If Australia wants to mend relations with China, we must stop viewing it as the enemy, said David Brophy, a lecturer in the Department of Arts and Social Sciences of University of Sydney in his article published in the Guardian on Nov 14.
Since the Labor Party came into office, it has declared its desire to "stabilize" relations with China, an ambiguous term, David mentioned. "For Sino-Australian optimists, stabilization will be seen as an improvement. China hawks interpret the term as consolidating a new normal of heightened tensions".
From Canberra's point of view, according to the article, China is somewhere Australia can direct an endless flow of exports from behind a wall of American steel. When the US government is committed to containing China, Australia need not keep itself in the spotlight and can maybe also gain some wriggle room in case US efforts to stymie China's rise fall flat.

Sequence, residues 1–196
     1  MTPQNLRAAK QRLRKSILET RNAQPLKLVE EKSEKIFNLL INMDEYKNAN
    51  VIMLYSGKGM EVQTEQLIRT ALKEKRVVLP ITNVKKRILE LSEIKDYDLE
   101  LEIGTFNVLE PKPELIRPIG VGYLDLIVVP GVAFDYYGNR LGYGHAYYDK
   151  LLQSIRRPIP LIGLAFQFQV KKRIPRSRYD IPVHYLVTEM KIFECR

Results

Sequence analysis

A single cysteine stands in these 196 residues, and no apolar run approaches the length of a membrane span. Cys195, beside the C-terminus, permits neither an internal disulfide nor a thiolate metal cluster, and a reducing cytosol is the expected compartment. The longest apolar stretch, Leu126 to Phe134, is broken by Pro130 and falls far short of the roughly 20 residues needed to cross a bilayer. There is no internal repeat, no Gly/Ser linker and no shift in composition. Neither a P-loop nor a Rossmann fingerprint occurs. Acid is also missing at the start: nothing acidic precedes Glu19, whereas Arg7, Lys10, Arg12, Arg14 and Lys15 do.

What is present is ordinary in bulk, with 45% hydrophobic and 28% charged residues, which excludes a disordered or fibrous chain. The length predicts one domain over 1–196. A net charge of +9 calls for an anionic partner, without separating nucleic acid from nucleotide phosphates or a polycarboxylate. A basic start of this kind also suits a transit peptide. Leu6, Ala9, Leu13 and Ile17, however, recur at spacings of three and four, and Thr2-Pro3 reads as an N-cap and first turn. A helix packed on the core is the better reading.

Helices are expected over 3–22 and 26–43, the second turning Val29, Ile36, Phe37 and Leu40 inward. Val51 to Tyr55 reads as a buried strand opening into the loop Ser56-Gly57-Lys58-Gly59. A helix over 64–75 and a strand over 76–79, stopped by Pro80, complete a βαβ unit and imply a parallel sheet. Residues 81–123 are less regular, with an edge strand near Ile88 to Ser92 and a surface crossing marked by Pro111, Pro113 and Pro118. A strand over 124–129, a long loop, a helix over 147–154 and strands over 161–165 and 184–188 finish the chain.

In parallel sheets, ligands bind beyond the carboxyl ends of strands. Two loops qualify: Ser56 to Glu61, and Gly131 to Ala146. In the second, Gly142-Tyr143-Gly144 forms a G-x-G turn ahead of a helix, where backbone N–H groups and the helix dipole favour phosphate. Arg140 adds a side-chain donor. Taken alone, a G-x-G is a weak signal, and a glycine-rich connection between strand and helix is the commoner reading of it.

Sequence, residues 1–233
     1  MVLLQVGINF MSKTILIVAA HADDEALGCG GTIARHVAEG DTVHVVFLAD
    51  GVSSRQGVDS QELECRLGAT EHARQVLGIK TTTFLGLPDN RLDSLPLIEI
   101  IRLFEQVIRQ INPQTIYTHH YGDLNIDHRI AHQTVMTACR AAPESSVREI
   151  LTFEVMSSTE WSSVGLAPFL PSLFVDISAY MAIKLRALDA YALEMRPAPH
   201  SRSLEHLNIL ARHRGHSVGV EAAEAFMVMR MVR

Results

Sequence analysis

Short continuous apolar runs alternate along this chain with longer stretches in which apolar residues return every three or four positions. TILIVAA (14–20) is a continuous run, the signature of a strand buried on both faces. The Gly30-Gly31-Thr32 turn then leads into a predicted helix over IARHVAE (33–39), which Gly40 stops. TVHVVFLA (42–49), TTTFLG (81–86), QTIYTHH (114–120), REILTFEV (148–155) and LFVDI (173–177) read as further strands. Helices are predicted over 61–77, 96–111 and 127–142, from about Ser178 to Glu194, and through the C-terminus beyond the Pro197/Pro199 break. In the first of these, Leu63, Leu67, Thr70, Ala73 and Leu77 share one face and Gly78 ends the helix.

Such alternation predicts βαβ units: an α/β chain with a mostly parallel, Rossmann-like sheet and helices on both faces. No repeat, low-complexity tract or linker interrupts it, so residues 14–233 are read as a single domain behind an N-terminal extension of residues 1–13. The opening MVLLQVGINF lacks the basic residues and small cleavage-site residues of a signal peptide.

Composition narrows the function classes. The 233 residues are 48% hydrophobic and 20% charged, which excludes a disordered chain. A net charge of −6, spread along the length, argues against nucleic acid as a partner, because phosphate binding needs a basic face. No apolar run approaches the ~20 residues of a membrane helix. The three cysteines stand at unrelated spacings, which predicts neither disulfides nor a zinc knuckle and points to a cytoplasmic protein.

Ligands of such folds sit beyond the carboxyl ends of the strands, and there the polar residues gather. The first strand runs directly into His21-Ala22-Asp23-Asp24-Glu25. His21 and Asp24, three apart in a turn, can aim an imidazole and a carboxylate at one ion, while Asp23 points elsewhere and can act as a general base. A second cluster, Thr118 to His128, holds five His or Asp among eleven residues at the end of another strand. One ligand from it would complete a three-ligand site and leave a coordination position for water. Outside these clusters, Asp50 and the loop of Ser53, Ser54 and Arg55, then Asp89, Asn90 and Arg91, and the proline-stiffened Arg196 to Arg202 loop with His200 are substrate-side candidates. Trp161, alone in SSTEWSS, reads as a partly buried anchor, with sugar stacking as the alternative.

In fact, a series of measures viewing China as a hostile, dangerous country, remain in place. Two examples to name: absurd restrictions on Chinese investment and visa bans on Chinese scholars of Australian studies, mentioned David.
It's a habit of mind that our policies are being determined by China, David pointed out. If China opposes a new Australian move, we must double down on it.
"We need to worry less about what China thinks, and more about the kind of country and society we want Australia to be. Australia's militarized response to China is exacerbating global fault lines and fracturing our own society; it is, in a word, destabilizing," said David.